We swim in a sea of data … and the sea level is rising rapidly. Tens of millions of connected people, billions of sensors, trillions of transactions now work to create unimaginable amounts of information. Human-created information is only part of the story, a relatively shrinking part. The projected growth of data from all kinds of sources is staggering — to the point where some worry that in the foreseeable future our digital systems of storage and dissemination will not be able to keep up with the simple act of finding places to keep the data and move it around to all those who are interested in it.
In lieu of an abstract, here is a brief excerpt of the content: Screen Text and Institutional Context: The gap in language proficiency gestures to a cultural and social rupture that has taken place in the interceding generation.
The generational ruptures experienced by Indigenous peoples under colonialism are well-known: As a part of this process, boarding school and residential school systems were created and separated Indigenous children from their families and communities, forcing children to adopt colonial settler values and cultural practices.
These schools sought to eradicate Indigenous languages in particular, often using corporeal punishment to prevent students from speaking their traditional languages. This crux is the central motif for both films, through which they investigate the applications of the cinematic apparatus for connecting Indigenous people to their communities and cultural heritage.
Their methods for engaging and representing these topics are, however, very different, drawing from frameworks for undertaking Indigenous research that emerged from distinct historical periods and national contexts. Made twenty years later, Cry Rock engages with debates in Indigenous studies about the relationship between oral narrative traditions and the media used to record them, questioning the impact that recording technologies have on oral narratives and their survival.
By doing so, the film intervenes in assumptions that the cinematic apparatus can function as an extension of oral traditions, a discourse promoted by the NFB, raising the possibility that recording technologies actually hasten their erosion.
Cry Rock ultimately explores oral narratives as a mode of understanding that is intrinsically tied to specific geographical places and relies on a direct relationship between storyteller and listener, which media technologies cannot replicate.
Bringing together Navajo Talking Picture and Cry Rock is in part a means by which to argue that analyses of the thematic similarities between media texts should be attentive to institutional contexts that Indigenous media practitioners navigate in their work, an approach that draws on precedent studies of minority media by Chon Noriega and Jun Okada Their work on Chicano cinema and Asian American film and video, respectively, has sought to understand minority cinemas not as pre-given, identity-based categories, but as areas of production debated and shaped through various social forces, including state policy, political movements, developments in media technologies, and institutional funding structures and policies.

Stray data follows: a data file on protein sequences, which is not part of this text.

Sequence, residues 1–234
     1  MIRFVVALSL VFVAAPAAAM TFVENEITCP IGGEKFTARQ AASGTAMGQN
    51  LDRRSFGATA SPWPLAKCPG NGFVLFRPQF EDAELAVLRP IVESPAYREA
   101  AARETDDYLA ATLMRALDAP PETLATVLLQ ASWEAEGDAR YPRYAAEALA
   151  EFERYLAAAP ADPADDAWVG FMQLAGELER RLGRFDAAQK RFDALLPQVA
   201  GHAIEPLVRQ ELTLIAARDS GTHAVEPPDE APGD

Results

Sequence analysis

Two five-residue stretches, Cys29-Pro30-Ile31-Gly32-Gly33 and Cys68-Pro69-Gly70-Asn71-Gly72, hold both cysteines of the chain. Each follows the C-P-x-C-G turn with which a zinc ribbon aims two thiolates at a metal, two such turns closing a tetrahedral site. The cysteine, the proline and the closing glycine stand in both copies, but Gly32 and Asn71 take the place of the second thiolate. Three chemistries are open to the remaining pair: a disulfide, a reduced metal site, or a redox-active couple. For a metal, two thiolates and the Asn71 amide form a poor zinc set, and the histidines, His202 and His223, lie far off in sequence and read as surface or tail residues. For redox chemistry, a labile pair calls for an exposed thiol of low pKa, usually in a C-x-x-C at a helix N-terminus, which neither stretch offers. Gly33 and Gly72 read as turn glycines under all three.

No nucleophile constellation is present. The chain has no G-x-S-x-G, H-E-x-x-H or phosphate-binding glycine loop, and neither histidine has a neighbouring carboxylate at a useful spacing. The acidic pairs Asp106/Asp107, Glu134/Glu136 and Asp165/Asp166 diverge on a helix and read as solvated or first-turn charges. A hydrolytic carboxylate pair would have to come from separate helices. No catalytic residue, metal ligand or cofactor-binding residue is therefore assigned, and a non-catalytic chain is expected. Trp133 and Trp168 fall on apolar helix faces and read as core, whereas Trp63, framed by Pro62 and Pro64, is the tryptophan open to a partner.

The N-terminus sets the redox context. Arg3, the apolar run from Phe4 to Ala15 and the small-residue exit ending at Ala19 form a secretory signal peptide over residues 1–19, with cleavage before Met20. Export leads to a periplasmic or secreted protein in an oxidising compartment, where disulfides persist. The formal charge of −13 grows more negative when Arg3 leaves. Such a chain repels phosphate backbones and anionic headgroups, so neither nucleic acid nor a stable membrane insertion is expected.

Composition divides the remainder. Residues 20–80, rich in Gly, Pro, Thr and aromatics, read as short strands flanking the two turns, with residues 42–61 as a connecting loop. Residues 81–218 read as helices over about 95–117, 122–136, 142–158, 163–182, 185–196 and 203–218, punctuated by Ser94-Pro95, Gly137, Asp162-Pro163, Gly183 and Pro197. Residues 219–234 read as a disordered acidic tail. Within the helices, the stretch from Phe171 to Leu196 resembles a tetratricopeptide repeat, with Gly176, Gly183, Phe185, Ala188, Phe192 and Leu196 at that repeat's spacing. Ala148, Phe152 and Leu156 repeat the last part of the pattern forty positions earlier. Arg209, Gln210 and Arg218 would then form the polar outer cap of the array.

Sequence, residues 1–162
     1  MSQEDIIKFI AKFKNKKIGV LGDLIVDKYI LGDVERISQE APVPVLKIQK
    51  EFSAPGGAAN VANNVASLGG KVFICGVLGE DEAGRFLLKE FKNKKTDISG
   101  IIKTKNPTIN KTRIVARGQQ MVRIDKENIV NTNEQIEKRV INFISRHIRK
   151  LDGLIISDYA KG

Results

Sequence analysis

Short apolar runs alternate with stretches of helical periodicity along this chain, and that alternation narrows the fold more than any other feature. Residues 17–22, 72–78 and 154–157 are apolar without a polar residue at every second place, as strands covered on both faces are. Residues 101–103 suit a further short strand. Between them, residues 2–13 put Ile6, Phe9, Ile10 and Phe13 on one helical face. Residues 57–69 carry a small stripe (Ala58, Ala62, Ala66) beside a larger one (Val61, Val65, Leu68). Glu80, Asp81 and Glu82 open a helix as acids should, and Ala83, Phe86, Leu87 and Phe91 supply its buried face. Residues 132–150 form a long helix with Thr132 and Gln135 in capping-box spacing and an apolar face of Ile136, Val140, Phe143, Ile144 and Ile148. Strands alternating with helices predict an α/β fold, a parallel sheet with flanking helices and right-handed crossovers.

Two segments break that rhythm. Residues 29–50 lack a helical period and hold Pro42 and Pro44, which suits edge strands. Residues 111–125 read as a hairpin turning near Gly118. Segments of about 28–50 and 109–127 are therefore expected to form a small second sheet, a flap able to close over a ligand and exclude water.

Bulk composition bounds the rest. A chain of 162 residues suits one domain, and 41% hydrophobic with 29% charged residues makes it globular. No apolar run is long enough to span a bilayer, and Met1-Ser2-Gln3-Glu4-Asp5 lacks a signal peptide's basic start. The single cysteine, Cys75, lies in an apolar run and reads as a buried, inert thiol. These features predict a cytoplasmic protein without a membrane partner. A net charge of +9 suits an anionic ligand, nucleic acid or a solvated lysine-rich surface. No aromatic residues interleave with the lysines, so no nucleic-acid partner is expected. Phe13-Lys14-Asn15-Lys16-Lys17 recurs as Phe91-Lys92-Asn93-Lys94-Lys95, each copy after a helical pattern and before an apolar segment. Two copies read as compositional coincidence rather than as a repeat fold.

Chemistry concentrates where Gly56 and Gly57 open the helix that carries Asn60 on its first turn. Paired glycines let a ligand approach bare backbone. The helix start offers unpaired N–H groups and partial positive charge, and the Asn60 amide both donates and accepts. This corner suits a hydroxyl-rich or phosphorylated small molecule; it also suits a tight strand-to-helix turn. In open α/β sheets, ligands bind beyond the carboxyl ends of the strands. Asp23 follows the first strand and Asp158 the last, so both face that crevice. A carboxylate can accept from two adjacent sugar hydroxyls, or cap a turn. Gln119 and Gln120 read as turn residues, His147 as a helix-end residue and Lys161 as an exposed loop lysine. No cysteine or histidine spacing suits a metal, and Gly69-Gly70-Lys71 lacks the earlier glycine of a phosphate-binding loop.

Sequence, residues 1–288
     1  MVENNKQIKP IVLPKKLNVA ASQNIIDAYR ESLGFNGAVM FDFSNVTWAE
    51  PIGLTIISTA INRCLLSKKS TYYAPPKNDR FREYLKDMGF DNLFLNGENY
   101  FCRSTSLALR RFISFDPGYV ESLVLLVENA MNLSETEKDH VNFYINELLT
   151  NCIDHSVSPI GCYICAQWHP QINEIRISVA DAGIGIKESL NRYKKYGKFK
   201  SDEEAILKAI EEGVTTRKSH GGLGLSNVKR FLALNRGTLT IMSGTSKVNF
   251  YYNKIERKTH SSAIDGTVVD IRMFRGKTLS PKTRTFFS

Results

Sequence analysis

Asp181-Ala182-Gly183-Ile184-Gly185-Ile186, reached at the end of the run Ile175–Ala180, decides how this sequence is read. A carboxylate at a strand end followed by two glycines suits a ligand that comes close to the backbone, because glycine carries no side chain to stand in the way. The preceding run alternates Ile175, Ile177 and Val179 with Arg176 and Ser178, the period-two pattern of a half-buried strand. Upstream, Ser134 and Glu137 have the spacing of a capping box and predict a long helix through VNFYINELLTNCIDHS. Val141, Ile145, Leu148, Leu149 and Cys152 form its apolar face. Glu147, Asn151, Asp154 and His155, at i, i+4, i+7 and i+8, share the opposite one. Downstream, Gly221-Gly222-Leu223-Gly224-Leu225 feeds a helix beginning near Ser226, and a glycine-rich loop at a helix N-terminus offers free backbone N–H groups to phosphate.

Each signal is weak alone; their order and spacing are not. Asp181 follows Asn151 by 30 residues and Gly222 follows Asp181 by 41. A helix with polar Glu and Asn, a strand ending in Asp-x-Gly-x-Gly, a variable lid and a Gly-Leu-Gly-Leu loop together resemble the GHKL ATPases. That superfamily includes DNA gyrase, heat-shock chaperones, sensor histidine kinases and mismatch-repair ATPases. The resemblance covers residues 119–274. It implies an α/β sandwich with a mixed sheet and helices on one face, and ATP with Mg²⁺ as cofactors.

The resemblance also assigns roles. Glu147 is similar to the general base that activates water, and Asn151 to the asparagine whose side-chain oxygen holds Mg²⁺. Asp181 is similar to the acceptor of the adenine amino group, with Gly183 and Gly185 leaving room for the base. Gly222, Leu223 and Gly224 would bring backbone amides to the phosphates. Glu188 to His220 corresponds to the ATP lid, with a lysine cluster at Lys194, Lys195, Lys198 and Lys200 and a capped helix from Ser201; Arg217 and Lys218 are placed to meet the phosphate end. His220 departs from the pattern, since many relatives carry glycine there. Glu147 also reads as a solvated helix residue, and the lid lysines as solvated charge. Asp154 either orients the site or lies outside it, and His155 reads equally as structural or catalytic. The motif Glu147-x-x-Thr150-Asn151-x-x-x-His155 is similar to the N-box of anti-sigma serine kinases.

At stake are the terms through which minority media are conceptualized, as Noriega argues, as identity-based cinematic "genres": You are not currently authenticated. View freely available titles:In In the Absence of the Sacred, Jerry Mander uses nuclear energy to illustrate this point: Based on such an analysis we might have modified the Internet before introducing it (while retaining the benefits as much as possible), limited its use once it was introduced, and monitored from the start its harmful effects.
In “Keepers of the. Screen Text and Institutional Context: Indigenous Film Production and Academic Research Theory Seminar" focused on technologies and their effects on Indigenous peoples, including readings from Jerry Mander's In the Absence of the Sacred: Snapshots of the "Our World" website were located through the Internet Archive .
See Jerry Mander’s great page about whether we would have let the car drive our evolution as much as it did had we known the consequences back then (in his book In the Absence of the Sacred). So the best-intentioned of humans will try to use Big Data to solve Big Problems, but are unlikely to do well at it.
INCONVENIENT TRUTHS "You can either be informed and be your own rulers, or you can be ignorant and have someone else, who is not ignorant, rule over you.". A more general and popular read on a sacred note is In the Absence of the Sacred: The Failure of Technology & the Survival of the Indian Nations by Jerry Mander.
Again, here is one source: In the Absence of the Sacred by Jerry Mander.
 The Christic Institute was given an unprecedented million-dollar fine for daring to bring the lawsuit. See a brief description of what happened to them in Jonathan Vankin and John Whelan's 50 Greatest Conspiracies of all Time, pp.